We hope you’re enjoying the work of finalists in the fiction section of the second annual Cowley Literary Award. Here’s this week’s offering, from John Jenkins, who hails from Kangaroo Ground in Victoria.
My cases were in the luggage rack above her head, squeezed between a handbag and a huge soft-toy lion belonging to the woman’s daughter. As the train gained speed, I kept looking up at the red one, but casually so she wouldn’t notice.
“Foster’s Shearing is the next stop, our stop,” she said, inviting conversation. “Aha,” I said, peeling an apple with my penknife, then took off my glasses again, holding them up to the light.
But really, I just wanted to see if the red one was safe: squeezed against that lion. I had a sudden vision of the train jolting, and it crashing down, or flinging open. The other case, the black one, full of my samples, did not matter.
“I had my hair cut this morning...” The nosy woman tried again. She was a talker and I had to be careful.
Linda also liked to talk. But I didn’t want to think of Linda now. Besides, she was still with me, in a sense. So there was no need.
“Sorry,” I croaked as she waited for my reply. “I can’t talk, my throat, a virus. A sort of flu, but a bad – a dangerous – one.”
That fixed her. She flipped open a magazine, and handed her daughter a large picture book.
In all my years as a salesman, I have encouraged small talk. Like most reps, I’m even fond of it; but I know how, once a conversations starts, it’s hard to stop, and can lead anywhere; even to my private business. I might even mention Linda, slice open an emotional nerve, and blurt out everything in a flood of tears.
The train rattled on to a low, bare shoulder above Foster’s Shearing, and I leapt from my seat to grab my luggage. Soon, I was on the platform, still shaking slightly. I composed myself and found, from a map, the nearest motel.
I walked quickly, but almost stumbled at a street corner, shocked that I could feel something bumping around in there, in my case.
I did not want to think of her now, not here. But it was no good. I kept on seeing images of her face. Or rather, of her head. The surprised eyes, long lashes with black mascara, her blonde hair piled in waves, like a country and western singer. And also, very clearly, her very pale, white skin and...
My car was still at the other end of the track. I was so upset I had sliced into a tree near a now-distant station, and just left it there, beside the road. I really don’t know why I picked Foster’s Shearing for my ticket, perhaps because it was such a long way from everything.
This was a typical small town: a railway cutting; then abrupt shopping strip divided by intersections. Just one long main road, surrounded by paddocks. I’d spent half my life in towns like these: taking orders, chatting to shopkeepers; smiling; small talk. In such places, people notice everything: eyes behind every curtain.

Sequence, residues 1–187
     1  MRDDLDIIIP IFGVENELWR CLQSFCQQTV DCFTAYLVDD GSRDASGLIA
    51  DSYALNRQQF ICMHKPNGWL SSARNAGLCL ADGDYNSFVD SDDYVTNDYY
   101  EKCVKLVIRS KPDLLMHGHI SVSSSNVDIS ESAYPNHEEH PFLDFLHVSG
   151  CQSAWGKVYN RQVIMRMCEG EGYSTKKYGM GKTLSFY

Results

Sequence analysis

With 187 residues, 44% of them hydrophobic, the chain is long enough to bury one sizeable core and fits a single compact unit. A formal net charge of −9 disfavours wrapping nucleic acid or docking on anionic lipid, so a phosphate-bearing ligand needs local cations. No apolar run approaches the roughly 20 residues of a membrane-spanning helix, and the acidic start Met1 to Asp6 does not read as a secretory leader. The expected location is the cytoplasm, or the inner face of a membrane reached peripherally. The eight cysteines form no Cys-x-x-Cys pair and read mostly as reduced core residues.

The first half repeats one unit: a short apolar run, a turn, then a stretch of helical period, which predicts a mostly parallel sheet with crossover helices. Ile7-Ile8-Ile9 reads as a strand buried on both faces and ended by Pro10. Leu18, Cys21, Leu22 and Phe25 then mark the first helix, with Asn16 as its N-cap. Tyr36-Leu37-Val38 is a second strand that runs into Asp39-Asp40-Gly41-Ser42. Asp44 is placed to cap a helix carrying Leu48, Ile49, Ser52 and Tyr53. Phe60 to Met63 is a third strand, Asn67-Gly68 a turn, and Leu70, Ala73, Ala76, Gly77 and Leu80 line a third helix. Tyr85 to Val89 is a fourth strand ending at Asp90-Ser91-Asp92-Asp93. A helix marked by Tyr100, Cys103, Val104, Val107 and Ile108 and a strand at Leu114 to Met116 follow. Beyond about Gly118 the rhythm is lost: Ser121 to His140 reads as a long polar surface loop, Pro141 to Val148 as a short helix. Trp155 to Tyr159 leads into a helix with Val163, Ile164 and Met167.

The motel sign said “vacancy”. Before the panic welled up, I steadied myself; and a bald-headed man was soon recording my details, and I casually picked up a breakfast menu from his neat desk. I told him I was a rep, and he nodded automatically.
He took me to my room. Stupidly, I had put my cases down for a moment. I felt like snatching the red one, but he was already off with them, walking briskly ahead. I was trembling, as our footsteps crunched through endless white gravel.
I almost live in motels, and can tell by the merest glance: this one was okay. When we reached my door, and I shut it quickly, I put down both cases and sat on the bed, my heart beating faster.
Suddenly I felt terribly alone and afraid, blubbering tears down my face.
Our affair had taken a familiar course. I would always visit late on a Tuesday afternoon, when her husband was still away, helping overnight at his brother’s farm. Their home-wares shop had a back bedroom; and then, very much later, careful not to be seen, I would return to my motel.
I had made the excuse of bringing some new kitchen knives that Tuesday. But her husband already knew – gossip being a small town’s blood sport. He had shouted; then a terrible fight, and she had promised to never see me again.
He would be back again tomorrow, expecting everything to be over with us, “All done and dusted,” she had said.
I was so angry, shocked. I implored her to come with me, to leave him.
“Don’t be stupid,” she had said.
Yes, I was just a stupid little rep, and perhaps there were others, too. And that’s when something snapped, and I couldn’t stop, I just couldn’t stop myself.
Just as now, I can’t stop myself, as I walk over to the case, which has grown so heavy in my mind. The red one. I can’t help laying it down on my bed now, opening the clasps, turning back the lid, and looking at her hair and her pale skin and sad eyes.
I bend down, and with both hands unsteady lift her from the case. It is the only thing I have ever stolen in my life: her portrait photo in its chunky silver frame. Blinded by confusion, I had snatched it up from their bedside. My pulse steadied, as I looked at Linda’s severely cropped outline, her reserved smile.
I stare blankly for a long time, then go outside, feeling much calmer.
The stars were already out. It is easy to forget they are there. Funny thing is, if you head in one particular direction, and just kept on going, you will end up exactly where you started from... And here I was again, just another aimless speck of dust, wandering on our sad little planet. Anyway, that’s how I felt, and it was over.